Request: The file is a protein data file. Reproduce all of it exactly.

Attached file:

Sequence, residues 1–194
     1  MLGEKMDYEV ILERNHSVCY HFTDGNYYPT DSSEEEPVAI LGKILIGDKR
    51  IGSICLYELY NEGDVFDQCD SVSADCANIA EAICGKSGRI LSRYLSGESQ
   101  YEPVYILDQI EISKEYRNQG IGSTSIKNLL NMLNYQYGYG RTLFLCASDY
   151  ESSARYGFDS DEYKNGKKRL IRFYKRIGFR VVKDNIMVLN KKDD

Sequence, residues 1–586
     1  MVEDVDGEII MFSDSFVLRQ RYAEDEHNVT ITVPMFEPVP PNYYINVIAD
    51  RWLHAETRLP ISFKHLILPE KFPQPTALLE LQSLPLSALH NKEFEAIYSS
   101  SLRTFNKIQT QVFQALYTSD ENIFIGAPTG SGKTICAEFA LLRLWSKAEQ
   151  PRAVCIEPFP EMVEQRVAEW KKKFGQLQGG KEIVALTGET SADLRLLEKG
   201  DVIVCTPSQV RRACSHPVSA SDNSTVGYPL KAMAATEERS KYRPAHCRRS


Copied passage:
Sequence, residues 1–194
     1  MLGEKMDYEV ILERNHSVCY HFTDGNYYPT DSSEEEPVAI LGKILIGDKR
    51  IGSICLYELY NEGDVFDQCD SVSADCANIA EAICGKSGRI LSRYLSGESQ
   101  YEPVYILDQI EISKEYRNQG IGSTSIKNLL NMLNYQYGYG RTLFLCASDY
   151  ESSARYGFDS DEYKNGKKRL IRFYKRIGFR VVKDNIMVLN KKDD

Sequence, residues 1–586
     1  MVEDVDGEII MFSDSFVLRQ RYAEDEHNVT ITVPMFEPVP PNYYINVIAD
    51  RWLHAETRLP ISFKHLILPE KFPQPTALLE LQSLPLSALH NKEFEAIYSS
   101  SLRTFNKIQT QVFQALYTSD ENIFIGAPTG SGKTICAEFA LLRLWSKAEQ
   151  PRAVCIEPFP EMVEQRVAEW KKKFGQLQGG KEIVALTGET SADLRLLEKG
   201  DVIVCTPSQV RRACSHPVSA SDNSTVGYPL KAMAATEERS KYRPAHCRRS